Duterte tells Obama Philippines may seek bilateral talks with China on South China Sea spat

President-elect Rodrigo Duterte gesturing as he talks with military and police officials during an informal meeting at a hotel in Davao City, on May 15, 2016. PHOTO: AFP

MANILA - President-elect Rodrigo Duterte says he has told US President Barack Obama the Philippines will remain allied with the US in a spat with China over the South China Sea, but may negotiate with Beijing directly if multilateral talks falter.

In a TV interview late on Tuesday (May 17), Mr Duterte said he assured Mr Obama during a phone conversation that "we will continue with our mutual interests, and that we are allied with the Western (world) on this issue on (the South) China Sea".

"But I gave him an inkling that, well, I would agree to just go with you. But if it goes on still waters… there's no wind to move the sail, I might opt to go bilateral," he told a news programme on GMA-News.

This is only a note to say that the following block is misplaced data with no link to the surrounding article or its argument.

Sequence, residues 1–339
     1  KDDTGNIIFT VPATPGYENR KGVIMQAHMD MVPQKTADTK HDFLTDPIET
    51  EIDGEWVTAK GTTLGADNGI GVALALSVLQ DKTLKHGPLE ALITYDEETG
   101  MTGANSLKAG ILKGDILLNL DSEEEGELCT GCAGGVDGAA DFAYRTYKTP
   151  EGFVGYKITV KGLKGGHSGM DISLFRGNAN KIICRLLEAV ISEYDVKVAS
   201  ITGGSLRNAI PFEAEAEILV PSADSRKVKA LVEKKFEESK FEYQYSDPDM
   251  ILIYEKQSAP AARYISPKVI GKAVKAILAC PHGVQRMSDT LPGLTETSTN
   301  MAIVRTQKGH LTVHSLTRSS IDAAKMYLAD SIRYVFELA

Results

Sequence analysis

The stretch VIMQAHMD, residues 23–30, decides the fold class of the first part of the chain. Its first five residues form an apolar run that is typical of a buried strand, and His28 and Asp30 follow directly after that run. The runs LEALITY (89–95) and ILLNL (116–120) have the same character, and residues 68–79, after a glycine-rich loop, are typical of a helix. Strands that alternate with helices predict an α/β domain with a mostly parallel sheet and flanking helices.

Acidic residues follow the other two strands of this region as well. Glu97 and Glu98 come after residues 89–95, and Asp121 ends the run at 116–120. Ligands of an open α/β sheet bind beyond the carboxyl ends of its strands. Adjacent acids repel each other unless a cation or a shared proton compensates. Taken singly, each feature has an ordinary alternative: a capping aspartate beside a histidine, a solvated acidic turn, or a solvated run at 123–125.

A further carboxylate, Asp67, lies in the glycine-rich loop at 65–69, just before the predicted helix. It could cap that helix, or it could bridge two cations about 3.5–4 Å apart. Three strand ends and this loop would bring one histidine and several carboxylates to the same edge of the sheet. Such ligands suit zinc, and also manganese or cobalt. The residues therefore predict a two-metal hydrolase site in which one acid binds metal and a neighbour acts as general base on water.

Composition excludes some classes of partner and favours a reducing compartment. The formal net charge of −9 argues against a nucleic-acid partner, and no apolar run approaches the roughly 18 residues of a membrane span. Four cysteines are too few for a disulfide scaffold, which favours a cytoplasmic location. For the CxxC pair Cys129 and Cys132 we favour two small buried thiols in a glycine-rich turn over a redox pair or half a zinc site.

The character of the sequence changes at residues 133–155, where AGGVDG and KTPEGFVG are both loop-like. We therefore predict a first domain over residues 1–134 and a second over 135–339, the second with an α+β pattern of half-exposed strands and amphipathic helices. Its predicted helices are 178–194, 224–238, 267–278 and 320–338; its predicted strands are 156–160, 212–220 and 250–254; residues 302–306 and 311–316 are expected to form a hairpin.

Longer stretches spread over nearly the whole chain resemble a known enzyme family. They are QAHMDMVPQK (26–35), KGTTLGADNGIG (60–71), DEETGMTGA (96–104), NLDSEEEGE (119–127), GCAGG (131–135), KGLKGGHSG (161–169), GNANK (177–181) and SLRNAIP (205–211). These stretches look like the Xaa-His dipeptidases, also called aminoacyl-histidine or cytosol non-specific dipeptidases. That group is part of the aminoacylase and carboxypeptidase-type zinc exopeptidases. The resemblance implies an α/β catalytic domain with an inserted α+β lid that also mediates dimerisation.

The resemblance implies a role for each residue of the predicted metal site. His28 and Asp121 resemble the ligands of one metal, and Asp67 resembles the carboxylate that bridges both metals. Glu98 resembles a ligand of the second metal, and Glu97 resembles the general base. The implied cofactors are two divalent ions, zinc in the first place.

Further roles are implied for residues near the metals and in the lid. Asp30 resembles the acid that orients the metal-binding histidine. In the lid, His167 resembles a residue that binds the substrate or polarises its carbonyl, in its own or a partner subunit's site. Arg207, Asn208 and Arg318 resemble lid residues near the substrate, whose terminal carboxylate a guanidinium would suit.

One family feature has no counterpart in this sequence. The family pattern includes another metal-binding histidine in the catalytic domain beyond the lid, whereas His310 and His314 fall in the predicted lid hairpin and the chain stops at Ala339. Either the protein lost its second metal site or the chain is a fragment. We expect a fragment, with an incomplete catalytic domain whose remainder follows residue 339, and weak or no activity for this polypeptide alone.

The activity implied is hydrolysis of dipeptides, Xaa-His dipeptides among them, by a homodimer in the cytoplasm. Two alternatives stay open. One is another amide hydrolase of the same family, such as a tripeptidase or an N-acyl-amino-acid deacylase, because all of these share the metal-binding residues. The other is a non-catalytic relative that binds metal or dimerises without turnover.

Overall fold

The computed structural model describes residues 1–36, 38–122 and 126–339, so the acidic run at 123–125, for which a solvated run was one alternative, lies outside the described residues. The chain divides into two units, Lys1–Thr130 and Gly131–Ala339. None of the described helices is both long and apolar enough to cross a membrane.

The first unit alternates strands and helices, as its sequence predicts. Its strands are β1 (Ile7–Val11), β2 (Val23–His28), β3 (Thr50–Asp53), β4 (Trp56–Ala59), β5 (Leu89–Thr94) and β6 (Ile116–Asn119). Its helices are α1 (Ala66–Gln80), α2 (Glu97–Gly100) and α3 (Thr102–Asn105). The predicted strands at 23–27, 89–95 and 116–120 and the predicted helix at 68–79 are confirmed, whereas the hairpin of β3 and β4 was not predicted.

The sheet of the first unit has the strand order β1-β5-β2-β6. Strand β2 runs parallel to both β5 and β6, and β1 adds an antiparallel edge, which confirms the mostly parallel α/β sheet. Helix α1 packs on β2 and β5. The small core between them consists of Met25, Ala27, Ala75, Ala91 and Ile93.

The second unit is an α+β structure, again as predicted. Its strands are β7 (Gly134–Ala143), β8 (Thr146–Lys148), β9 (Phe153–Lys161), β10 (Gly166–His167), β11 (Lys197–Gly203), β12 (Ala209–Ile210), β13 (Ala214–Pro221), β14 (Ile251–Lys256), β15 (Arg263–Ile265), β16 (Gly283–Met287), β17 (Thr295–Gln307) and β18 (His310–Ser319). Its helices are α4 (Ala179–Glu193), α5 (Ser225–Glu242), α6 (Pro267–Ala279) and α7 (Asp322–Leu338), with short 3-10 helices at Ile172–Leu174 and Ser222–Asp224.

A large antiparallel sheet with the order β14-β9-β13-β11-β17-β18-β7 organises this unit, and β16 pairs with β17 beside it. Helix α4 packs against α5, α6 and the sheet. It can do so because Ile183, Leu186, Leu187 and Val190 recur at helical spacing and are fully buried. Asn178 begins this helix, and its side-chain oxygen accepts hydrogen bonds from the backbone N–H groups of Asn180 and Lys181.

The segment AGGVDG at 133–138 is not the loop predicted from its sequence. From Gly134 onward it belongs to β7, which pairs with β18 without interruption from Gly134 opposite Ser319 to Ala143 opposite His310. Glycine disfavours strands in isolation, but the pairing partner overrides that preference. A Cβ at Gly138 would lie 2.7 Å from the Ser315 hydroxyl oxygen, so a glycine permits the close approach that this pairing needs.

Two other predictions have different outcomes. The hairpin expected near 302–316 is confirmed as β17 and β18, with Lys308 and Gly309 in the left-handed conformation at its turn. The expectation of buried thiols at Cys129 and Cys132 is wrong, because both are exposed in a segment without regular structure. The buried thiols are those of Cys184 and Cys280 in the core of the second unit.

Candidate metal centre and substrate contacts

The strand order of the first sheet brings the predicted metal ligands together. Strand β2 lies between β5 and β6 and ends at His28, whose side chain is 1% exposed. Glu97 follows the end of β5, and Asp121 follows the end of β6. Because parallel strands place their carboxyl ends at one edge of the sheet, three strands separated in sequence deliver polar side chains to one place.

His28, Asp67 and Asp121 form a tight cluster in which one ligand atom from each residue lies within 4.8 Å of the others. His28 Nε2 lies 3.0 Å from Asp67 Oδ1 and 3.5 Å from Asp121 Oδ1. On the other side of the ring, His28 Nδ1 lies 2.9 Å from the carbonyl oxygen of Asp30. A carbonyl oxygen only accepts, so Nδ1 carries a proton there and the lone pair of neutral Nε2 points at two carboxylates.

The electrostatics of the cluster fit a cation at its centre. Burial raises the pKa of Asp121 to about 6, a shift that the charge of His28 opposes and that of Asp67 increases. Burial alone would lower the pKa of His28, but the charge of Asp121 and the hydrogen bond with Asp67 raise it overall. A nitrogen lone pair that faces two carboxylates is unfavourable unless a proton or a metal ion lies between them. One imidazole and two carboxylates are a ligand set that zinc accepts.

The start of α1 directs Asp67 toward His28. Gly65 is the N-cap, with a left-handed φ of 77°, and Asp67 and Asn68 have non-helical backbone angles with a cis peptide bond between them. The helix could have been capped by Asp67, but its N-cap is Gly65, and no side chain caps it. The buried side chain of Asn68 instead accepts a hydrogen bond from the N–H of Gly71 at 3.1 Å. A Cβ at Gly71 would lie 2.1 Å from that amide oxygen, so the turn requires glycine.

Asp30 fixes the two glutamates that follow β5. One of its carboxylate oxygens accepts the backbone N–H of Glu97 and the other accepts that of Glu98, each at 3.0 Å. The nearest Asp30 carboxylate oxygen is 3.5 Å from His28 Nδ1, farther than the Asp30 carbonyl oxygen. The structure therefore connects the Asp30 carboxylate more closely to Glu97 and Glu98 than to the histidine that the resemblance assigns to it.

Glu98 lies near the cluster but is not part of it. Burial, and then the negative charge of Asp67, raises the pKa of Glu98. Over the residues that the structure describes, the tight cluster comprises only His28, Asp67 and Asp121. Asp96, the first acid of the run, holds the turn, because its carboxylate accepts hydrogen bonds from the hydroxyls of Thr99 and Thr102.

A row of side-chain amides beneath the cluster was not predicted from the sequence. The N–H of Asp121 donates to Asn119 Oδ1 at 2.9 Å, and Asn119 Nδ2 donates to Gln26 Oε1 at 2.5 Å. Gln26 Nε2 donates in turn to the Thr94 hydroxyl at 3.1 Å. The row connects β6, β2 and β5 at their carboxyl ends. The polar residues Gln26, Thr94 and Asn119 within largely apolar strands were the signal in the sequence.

He said Mr Obama advised him to wait for a ruling, due in weeks, from a United Nations arbitration court on a case the Philippines filed challenging China's claims to nearly all of the South China Sea.

China claims nearly all of the South China Sea, through which US$5 trillion (S$6.86 trillion) worth of ship-borne trade passes each year. The Philippines, Vietnam, Malaysia, Brunei and Taiwan also have competing claims to parts of the waterway.

Mr Duterte, who will be sworn into office on June 30, earlier said he intends to continue backing multilateral efforts - including Asean's own initiatives - to settle disputes with China.

But he also repeated a campaign pledge to hold direct talks with China, if other negotiations falter in two years.

He has suggested he is willing to set aside Manila's claims if China agrees to build railways across the Philippines and join in exploring for resources in contested waters.

Mr Duterte said he wants more friendly relations between the Philippine and China.

"I would rather be friendly with everybody," he said.

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